14. On average, people spend 8 minutes daily reading and dealing with irrelevant, unimportant emails.
Email is a necessary evil in the modern world, but it can be a huge time-suck if you let it.
We’ve all been there. You open your inbox to a slew of emails, most of which are unimportant or irrelevant. You spend a few minutes scanning through them, trying to find something that warrants your attention. More often than not, you end up deleting most of them without reading them.
According to a recent study, the average person spends eight minutes each day reading and responding to emails that are of no importance.
This figure may seem small, but it adds up over time. If you consider all of the unimportant emails you receive, it’s likely that they account for a significant portion of your email time.
There are a few things you can do to reduce the amount of time you spend dealing with irrelevant emails.
- First, take some time to unsubscribe from any email lists that you don’t really need or want to be on. This will help to cut down on the number of unimportant emails you receive on a daily basis.
- Second, if you find yourself frequently deleting emails without even reading them, try creating a separate folder for these types of messages. This way, you can quickly scan through them and delete them en masse, without having to deal with them one by one.
- Finally, try to be more selective about which emails you actually open and read. If an email isn’t urgent or important, it can probably wait until later.
By following these tips, you can free up some valuable time in your day-to-day life.
(Harvard Business Review)
15. 43% of users check their work email outside of working hours every few hours.
Another 13% do so multiple times per hour, while equal 10%-portions say they do so hourly and constantly. On the other end of the spectrum, 24% of users say they never check their work email outside working hours.
These findings suggest that for many people, checking their work email has become a constant activity, even outside of work hours. Some people may feel pressure to stay connected and responsive to their work emails at all times, while others may find it difficult to disconnect and switch off from work.
It’s important for people to find a healthy balance and not let their need to check their work email become overwhelming or detrimental to their personal lives.
(Adobe on Slideshare)
16. 52% of users check their personal email every few hours while at work.
Another 15% do so hourly, 14% say they do so multiple times per hour, while 11% do so constantly. On the other end of the spectrum, only 8% of users say they never check their personal email while at work.
These findings suggest that for many people, checking their personal email at work has become a frequent activity. Some people may find it difficult to resist the temptation to check their personal email during work hours, while others may feel that they need to stay connected to their personal lives even while they are at work.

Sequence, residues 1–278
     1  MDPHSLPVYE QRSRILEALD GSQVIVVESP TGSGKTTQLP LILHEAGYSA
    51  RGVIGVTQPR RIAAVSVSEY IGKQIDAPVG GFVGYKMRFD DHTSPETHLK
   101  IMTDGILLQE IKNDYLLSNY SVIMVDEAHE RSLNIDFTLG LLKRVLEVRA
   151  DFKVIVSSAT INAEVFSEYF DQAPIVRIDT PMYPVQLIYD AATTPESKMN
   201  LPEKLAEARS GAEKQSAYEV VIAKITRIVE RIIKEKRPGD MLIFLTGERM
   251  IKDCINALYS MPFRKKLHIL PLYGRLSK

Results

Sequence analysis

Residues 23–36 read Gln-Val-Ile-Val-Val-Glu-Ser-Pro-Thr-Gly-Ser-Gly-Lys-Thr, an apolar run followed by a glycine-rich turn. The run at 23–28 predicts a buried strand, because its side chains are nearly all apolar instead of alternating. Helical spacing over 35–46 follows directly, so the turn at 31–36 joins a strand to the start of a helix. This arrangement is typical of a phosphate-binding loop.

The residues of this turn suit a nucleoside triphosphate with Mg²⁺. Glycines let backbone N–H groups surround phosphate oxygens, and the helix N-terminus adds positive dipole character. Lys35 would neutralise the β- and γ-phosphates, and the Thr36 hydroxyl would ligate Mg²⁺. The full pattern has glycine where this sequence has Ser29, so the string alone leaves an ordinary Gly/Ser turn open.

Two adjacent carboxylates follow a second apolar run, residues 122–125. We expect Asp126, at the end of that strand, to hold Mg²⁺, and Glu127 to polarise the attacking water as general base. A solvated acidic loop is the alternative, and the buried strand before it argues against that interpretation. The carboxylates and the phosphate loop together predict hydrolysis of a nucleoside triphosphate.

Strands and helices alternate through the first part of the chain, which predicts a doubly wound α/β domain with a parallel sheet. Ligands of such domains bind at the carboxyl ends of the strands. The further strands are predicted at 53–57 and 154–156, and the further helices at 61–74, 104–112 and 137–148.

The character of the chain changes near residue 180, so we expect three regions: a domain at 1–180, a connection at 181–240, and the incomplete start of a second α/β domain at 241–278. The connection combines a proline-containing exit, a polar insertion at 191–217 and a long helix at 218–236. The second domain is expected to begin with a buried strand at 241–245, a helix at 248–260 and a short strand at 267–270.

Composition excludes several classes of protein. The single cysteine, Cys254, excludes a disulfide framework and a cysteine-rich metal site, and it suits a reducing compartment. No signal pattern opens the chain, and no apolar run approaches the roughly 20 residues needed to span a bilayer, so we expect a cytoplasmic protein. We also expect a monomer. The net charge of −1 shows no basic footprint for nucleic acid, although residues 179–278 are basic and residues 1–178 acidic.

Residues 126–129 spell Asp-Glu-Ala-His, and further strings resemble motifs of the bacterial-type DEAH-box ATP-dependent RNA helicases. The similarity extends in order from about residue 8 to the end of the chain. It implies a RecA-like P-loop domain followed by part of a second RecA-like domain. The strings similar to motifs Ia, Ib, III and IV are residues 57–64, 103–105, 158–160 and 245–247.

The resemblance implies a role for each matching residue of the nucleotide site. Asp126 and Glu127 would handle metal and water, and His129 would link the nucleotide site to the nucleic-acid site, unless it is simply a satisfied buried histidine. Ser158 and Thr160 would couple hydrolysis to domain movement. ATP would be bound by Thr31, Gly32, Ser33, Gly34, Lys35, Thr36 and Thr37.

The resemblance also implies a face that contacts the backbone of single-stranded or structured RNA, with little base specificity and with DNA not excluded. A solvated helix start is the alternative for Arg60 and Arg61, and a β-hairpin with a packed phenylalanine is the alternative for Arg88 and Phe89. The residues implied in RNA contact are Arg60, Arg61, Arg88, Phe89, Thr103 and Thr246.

People need to find a healthy balance and not let their need to check their personal email interfere with their work productivity.
(Adobe on Slideshare)
17. Almost 40% of Millennials and Gen Z workers check their work email before even getting out of bed.
For many Millennials and Gen Z workers, the first thing they do in the morning isn’t brush their teeth or make coffee – it’s check their work email, with almost 40% admitting to starting their day with a dose of inbox overload.
That’s according to a new study from Adobe, which found that email is the first thing many of us reach for in the morning.
The study found that younger workers are more likely to check their email first thing in the morning than any other age group. In fact, nearly 40% of Millennial and Gen Z respondents said they check their work email as soon as they wake up.
So what’s behind this trend?
One possibility is that younger workers are simply more plugged into their work lives than older workers. With technology becoming increasingly ubiquitous, it’s easier than ever to stay connected to work – even when you’re not physically in the office.
Another possibility is that younger workers feel more pressure to be available 24/7. With the rise of the gig economy and the competition for jobs becoming increasingly globalized, many young adults feel like they have to be available whenever an opportunity arises.
Whatever the reason, one thing is clear: checking their work email first thing in the morning has become the new norm for the younger generation.
18. After waking up on a workday, 23% of users check their work email while still in bed.
The majority, however, or 43%, wait to do so when they get to work. Another 27% check their work email while getting ready or having breakfast, and 7% do so before exercising.
When it comes to personal emails, the majority, or 30%, of users check them while still in bed, while 29% do so while having breakfast or getting ready. Respective 16% and 13% of users check their personal emails before exercising and on break or after work.
After reading through our list of time spent on email stats, you now have a wealth of information at your fingertips. We hope that our list has helped you quickly and easily find the information you need to support your research on time spent on email.
Whether you’re a student, a professional, or just curious about this topic, we believe that our list of statistics has something for everyone. So why not take a moment to reflect on what you’ve learned and consider how you can use this information in your own life or work?
By doing so, you’ll be taking the first step towards becoming an email expert and mastering this essential part of modern communication.